NASA recently announced that Kepler space telescope, which is responsible for the discovery of around 70% of the 3,800 planets and outer space bodies, has run out of fuel and can no longer continue space exploration.
Kepler cannot realign itself for analyzing space bodies or transmit data back to earth. So, after more than a decade Kepler’s work has halted.
Kepler dazzled us with its breathtaking images and changed our outlook towards the way we view the starry night sky.
The announcement regarding Kepler’s end is certainly surprising but not unexpected. For many months, Kepler was on low fuel and it was put on sleep multiple times to extend its lifecycle. But this couldn’t prolong its lifecycle forever. Kepler’s fuel tank became totally empty 15 days back. This marks the end of a glorious Kepler era.
Kepler searched for cosmic with the help of ‘Transit Method’. It spotted the fluctuation in brightness dip when a planet crosses a star.
The dips are negligibly small. Due to their size initially, NASA scientists were not sure whether they could be measured on not. Kepler could be regarded as the brainchild of Bill Borucki, whose five mission proposals were rejected but finally, he tasted the fruit of success and Kepler saw the light of the day in 2000, when he and his dedicated team showed Kepler’s sensitivity at a test facility.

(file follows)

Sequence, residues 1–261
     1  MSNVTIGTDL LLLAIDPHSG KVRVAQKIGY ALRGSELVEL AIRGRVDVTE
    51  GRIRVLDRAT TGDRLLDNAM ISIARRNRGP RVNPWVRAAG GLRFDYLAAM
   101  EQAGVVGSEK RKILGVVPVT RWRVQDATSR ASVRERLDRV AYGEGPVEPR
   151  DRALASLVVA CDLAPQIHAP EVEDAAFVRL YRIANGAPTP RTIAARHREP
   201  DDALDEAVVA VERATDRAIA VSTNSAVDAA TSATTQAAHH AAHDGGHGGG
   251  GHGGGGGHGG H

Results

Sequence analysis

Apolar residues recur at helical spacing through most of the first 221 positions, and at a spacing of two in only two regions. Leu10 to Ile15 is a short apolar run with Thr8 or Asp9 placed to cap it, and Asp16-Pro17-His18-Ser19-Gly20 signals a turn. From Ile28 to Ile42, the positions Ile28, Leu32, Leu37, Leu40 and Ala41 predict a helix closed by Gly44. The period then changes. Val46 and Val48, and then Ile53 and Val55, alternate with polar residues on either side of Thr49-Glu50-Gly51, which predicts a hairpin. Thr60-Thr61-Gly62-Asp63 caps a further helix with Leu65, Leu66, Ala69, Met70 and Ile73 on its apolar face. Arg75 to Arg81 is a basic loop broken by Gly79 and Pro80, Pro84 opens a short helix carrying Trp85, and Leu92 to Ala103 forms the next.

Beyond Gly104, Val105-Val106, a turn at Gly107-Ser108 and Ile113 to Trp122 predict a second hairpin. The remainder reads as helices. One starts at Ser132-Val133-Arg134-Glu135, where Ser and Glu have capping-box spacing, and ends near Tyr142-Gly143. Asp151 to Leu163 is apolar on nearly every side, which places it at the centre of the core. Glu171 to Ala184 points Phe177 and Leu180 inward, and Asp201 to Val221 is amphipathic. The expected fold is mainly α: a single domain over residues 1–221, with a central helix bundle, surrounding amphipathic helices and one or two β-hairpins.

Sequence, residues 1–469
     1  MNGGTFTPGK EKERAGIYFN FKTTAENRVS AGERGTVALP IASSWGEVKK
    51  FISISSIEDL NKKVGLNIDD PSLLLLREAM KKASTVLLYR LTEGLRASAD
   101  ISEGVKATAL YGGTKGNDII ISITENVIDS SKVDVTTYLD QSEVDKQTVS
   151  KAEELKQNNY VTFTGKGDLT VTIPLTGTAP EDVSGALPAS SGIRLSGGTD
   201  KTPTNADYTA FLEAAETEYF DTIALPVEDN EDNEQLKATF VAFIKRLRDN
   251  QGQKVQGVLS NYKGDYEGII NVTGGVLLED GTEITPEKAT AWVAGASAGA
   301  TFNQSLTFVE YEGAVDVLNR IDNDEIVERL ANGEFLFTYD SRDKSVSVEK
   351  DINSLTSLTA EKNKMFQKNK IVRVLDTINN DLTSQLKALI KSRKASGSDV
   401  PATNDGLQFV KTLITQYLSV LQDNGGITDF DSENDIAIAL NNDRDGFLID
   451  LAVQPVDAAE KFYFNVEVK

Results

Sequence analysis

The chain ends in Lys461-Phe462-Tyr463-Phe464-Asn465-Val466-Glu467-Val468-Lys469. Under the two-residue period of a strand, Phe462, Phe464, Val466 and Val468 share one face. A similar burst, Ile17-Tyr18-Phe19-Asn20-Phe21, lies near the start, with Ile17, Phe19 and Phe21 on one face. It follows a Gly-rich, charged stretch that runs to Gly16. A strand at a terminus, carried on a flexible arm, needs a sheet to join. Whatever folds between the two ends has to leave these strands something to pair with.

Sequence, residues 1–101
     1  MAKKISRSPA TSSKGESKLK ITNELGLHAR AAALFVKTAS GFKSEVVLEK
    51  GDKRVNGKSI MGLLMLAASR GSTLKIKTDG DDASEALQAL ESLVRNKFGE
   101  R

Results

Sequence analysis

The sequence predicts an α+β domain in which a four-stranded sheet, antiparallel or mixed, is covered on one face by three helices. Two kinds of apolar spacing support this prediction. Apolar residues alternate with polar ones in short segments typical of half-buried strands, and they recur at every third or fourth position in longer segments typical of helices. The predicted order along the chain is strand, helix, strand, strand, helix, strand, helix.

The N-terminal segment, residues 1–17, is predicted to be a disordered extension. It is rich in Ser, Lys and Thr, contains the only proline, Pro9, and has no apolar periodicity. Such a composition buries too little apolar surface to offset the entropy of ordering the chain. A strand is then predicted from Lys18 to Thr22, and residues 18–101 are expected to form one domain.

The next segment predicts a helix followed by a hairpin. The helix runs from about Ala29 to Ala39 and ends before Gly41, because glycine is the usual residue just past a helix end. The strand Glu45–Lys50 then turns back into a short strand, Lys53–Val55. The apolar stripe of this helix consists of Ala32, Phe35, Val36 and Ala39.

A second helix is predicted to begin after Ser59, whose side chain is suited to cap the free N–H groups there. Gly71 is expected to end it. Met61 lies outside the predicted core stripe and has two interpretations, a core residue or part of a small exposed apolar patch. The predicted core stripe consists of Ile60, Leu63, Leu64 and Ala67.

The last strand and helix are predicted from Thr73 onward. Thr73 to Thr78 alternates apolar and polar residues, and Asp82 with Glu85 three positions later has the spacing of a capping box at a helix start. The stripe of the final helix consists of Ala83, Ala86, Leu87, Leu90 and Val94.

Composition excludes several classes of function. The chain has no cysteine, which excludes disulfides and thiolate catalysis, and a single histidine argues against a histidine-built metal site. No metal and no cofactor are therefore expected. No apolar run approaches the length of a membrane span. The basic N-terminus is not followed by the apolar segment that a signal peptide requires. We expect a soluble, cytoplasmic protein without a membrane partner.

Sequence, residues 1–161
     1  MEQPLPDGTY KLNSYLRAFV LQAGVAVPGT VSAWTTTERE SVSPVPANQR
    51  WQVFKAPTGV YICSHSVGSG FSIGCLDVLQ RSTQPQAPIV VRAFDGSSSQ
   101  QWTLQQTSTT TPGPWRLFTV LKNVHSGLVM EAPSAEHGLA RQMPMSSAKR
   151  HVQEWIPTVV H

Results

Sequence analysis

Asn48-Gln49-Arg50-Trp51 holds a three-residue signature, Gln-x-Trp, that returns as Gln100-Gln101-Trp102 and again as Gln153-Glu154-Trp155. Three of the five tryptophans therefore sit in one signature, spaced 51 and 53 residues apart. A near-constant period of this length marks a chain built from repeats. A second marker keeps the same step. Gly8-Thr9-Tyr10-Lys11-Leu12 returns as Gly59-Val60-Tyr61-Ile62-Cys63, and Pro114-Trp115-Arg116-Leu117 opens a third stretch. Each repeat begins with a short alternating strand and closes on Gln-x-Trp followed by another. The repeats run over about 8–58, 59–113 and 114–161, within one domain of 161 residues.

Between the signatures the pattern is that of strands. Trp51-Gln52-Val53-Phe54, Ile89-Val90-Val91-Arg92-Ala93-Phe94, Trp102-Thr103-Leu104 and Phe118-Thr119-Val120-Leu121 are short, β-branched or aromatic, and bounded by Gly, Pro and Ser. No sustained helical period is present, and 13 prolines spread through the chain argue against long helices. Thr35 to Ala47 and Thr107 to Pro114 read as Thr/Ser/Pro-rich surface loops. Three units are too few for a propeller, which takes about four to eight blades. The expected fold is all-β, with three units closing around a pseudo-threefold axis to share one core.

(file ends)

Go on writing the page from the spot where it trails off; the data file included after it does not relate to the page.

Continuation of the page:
But all was not done yet. And it took a little more time to launch Kepler. After a wait of 9 more years, Kepler was finally launched in 2009. It was sent on a $600 million mission for reckoning other planets in the Milky Way galaxy that bear resemblance with the earth.
Kepler did a marvelous work by studying almost 150,000 stars at the same time.
Enduring legacy to go on
Kepler did a marvelous work by studying almost 150,000 stars at the same time, leading to an astounding discovery of near 2400 exoplanets.
Apart from locating planets, Kepler did groundbreaking discoveries in other fields as well. Kepler’s precise brightness measurement is helping astronomers understand the working of the stars.
Kepler has stopped operation, but its legacy will endure for years to come and research on many of these exoplanets would continue.
Kepler has ignited the exoplanet revolution and it will live on. Inspired by Kepler, NASA launched a new spacecraft called the Transiting Exoplanet Survey Satellite (TESS), which is looking for objects circling stars that lie relatively close to the sun.
Some of TESS’ most ambitious discoveries will be scrutinized by NASA’s $8.9 billion James Webb Space Telescope, which is slated to be launched in 2021. Webb will also scan the atmospheres of nearby alien worlds, looking for methane, oxygen and other possible signs of life.